Pays-Bas / Champ de Bataille

Survival in a basement




While the soldiers were doing their deadly work, the civilians of West Zeeland-Flanders were literally among the fire during the Battle of the Scheldt. For the opponents, the importance of civilians was secondary to the military objectives. Moreover, for the Canadian troops, evacuation of civilians was complicated by the limited transport space and the very poor road network. Only after weeks of hardship could a small part of the distraught civilians be evacuated via IJzendijke and Biervliet to East Zeeland-Flanders. It is hard to imagine (over)living in a cramped cellar while the ground thuds from shell impacts. A personal experience gives a picture of the horror ...

The first shelling of road junctions began as early as September 1944, when many people from the villages tried to find a safe place in the farms in the area. Many lived for weeks in an overcrowded damp potato cellar, while above ground shells ravaged the area for days. Hygienic conditions were abysmal; even just getting a breath of air was a life-threatening activity. Still, one had to go outside occasionally, to cut meat for soup from a dead cow, or to toilet. Around 600 Zeeland-Flanders lost their lives as a result of the battle.

With the arrival of the liberators, a meager life among the ruins began. It would take many years before West Zeelandic-Flanders was rebuilt. The mental scars healed much more slowly and were mostly borne silently until the last breath. Fortunately, some stories were recorded. Like the story of farmer Herman H.;

It was early October 1944 and the German officer spoke bars that they had to leave. Against his better judgment, the farmer tried desperately to avert the inevitable. He had already seen it coming when German soldiers built a fortress around his homestead on the Nieuwedijk in IJzendijke with barbed wire and foxholes. Defeated, the farmer and his family arrived at the nearest neighbor's house, there to occupy, with ten others, the small cellar under the dike house.

They struggled to find a place in the crowded space. They had to sleep in turns; there was no room for everyone to lie down. Packed tightly together, the days soon flowed into one another. Every day there was almost incessant shooting. There were occasional breaks, but it always began again. At night, the guns began. The blasts were sometimes so close that everything was shaking and vibrating. Sometimes even the firing of the cannons could be heard. It would take a moment and then they were coming! Most frightening were the shells that flew over with a tremendous howl and howl. The deafening whistle of some types of ammunition was terrible. After another sleepless night, it usually stopped for a while in the morning. There was then almost always a sort of pause of an hour before the planes came to machine-gun the area.

On Monday morning, Oct. 16, 1944, the farmer saw that farther down his yard at every corner of the barn stood a German soldier. They peered intently for movement from the direction of Biervliet. Helmets and rifles were visible in the many foxholes around the farm and worriedly he returned to the dank cellar.This time the sound of shellfire alternated with the rattling of machine guns. After hours of continuous noise, a new, menacing sound penetrated the cellar. It was the bellowing of flames from the wooden barn that stood a stone's throw away. Panic ensued, but fortunately the wind proved favorable, keeping the basement out of danger.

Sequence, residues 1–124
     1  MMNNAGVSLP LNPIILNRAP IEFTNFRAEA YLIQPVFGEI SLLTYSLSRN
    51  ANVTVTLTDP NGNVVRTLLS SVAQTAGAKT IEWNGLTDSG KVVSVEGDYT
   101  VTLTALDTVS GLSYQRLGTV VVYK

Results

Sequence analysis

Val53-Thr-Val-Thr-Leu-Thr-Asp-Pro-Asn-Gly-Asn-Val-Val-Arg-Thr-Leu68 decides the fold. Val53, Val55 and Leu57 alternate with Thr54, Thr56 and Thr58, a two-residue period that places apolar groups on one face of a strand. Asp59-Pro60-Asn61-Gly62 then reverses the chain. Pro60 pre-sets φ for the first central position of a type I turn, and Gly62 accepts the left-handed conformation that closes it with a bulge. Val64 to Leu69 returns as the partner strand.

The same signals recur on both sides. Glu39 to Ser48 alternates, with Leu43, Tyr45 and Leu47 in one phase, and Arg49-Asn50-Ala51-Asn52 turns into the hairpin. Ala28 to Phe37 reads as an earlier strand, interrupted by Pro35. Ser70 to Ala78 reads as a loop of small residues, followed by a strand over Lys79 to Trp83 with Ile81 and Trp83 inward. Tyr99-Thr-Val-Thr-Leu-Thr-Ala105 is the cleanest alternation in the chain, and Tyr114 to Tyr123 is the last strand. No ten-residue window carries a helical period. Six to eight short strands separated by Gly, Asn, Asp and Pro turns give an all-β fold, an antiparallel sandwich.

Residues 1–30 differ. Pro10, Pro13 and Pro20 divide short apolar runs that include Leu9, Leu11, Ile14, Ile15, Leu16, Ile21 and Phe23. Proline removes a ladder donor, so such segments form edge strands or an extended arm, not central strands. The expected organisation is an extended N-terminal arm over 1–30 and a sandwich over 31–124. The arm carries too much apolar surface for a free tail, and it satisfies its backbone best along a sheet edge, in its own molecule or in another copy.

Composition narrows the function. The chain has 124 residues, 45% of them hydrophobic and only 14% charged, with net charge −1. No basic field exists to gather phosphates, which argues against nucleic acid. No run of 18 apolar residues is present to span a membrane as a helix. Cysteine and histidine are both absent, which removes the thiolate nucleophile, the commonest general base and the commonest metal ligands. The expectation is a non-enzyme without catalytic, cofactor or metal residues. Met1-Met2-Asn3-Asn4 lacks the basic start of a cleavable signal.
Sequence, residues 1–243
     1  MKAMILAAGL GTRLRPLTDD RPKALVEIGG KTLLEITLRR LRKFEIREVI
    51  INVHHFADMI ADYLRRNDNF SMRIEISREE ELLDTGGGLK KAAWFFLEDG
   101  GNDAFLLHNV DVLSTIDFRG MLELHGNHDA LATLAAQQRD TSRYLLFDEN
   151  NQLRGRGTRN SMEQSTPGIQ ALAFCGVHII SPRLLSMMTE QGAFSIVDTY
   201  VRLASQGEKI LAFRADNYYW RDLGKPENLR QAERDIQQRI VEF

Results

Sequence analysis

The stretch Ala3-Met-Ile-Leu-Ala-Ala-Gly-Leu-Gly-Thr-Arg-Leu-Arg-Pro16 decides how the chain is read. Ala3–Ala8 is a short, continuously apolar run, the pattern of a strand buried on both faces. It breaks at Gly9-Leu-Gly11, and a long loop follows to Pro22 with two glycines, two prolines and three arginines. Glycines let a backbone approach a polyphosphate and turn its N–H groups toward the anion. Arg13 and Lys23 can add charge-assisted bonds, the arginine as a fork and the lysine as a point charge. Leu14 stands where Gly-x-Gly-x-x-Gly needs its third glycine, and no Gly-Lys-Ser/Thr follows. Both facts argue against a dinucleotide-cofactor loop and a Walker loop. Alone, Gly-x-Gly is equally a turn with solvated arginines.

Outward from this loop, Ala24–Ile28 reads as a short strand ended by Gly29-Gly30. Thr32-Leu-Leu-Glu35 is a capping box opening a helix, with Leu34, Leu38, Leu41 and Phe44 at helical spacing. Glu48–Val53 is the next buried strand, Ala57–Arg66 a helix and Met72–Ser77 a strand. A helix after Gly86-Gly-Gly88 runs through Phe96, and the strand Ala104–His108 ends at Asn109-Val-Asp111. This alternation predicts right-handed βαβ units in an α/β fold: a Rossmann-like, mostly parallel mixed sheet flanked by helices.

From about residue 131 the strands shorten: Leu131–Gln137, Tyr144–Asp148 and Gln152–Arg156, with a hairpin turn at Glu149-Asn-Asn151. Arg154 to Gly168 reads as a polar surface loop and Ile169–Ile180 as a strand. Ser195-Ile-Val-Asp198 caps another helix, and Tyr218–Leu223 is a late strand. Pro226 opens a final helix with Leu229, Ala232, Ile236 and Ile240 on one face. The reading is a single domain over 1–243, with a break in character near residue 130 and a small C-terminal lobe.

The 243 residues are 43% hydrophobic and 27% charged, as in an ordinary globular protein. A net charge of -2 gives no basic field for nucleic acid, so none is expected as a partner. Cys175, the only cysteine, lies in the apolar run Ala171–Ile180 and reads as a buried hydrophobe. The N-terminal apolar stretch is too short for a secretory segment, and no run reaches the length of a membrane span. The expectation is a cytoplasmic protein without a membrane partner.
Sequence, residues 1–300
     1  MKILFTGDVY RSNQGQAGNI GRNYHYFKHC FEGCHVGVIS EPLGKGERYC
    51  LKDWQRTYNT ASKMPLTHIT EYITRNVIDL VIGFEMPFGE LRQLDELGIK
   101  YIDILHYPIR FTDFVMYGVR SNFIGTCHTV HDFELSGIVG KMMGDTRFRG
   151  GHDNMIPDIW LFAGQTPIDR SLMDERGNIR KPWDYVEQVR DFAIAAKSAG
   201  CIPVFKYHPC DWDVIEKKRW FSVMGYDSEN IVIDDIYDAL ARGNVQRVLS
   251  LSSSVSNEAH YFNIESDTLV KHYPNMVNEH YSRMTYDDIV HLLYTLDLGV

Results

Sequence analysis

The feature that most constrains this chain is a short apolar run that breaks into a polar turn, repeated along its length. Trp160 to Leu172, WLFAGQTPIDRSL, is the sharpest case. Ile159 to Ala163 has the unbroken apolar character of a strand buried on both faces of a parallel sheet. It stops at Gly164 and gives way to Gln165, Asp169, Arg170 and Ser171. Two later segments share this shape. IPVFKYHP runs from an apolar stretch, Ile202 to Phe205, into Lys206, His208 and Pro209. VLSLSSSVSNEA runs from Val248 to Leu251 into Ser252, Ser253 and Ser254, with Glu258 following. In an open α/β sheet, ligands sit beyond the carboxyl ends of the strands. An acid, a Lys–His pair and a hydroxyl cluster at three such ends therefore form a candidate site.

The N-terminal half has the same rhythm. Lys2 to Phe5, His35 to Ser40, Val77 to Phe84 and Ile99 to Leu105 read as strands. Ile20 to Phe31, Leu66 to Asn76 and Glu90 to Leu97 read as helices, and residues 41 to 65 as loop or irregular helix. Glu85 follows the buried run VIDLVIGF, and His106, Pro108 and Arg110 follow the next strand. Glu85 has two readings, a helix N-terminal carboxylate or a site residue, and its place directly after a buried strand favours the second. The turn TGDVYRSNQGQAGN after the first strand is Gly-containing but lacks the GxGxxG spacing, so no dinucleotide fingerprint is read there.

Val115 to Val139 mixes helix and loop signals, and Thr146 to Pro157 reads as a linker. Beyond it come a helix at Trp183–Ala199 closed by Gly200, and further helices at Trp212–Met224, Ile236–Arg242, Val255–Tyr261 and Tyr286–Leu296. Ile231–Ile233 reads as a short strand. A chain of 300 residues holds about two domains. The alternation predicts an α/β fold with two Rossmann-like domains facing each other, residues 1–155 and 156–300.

Sometime later, the shooting stopped, the back door of the hallway flew open with great violence, and immediately after that, that of the basement. In the doorway stood a Canadian with the rifle at the ready. He beckoned all the people to come out of the basement. They gathered in the hallway with their hands up. Excited about the arrival of the liberators, they spontaneously began to cheer and jump.

The Canadians inspected the basement thoroughly, after which everyone was allowed back downstairs. The older men stayed upstairs, trying to learn more. They watched defeated German soldiers, stripped of equipment and weapons, pass by in runs. If they didn't go fast enough, a Canadian with a rifle butt admonished them to hurry. In the backyard could be seen stragglers who had managed to evade the view of the liberators. This group apparently had not had enough and cautiously retreated toward IJzendijke.

As the Canadians entered IJzendijke the next day, the farmer returned to his farm. The dwelling house was badly damaged, but was still standing. They had been very lucky! The front door was ajar and where the lock had once been, a large splintered hole yawned. Many bullets had caused quite a bit of damage inside. Half a bottle of liquor, long kept to celebrate liberation one day, had disappeared. The Canadians might have had something to celebrate too ...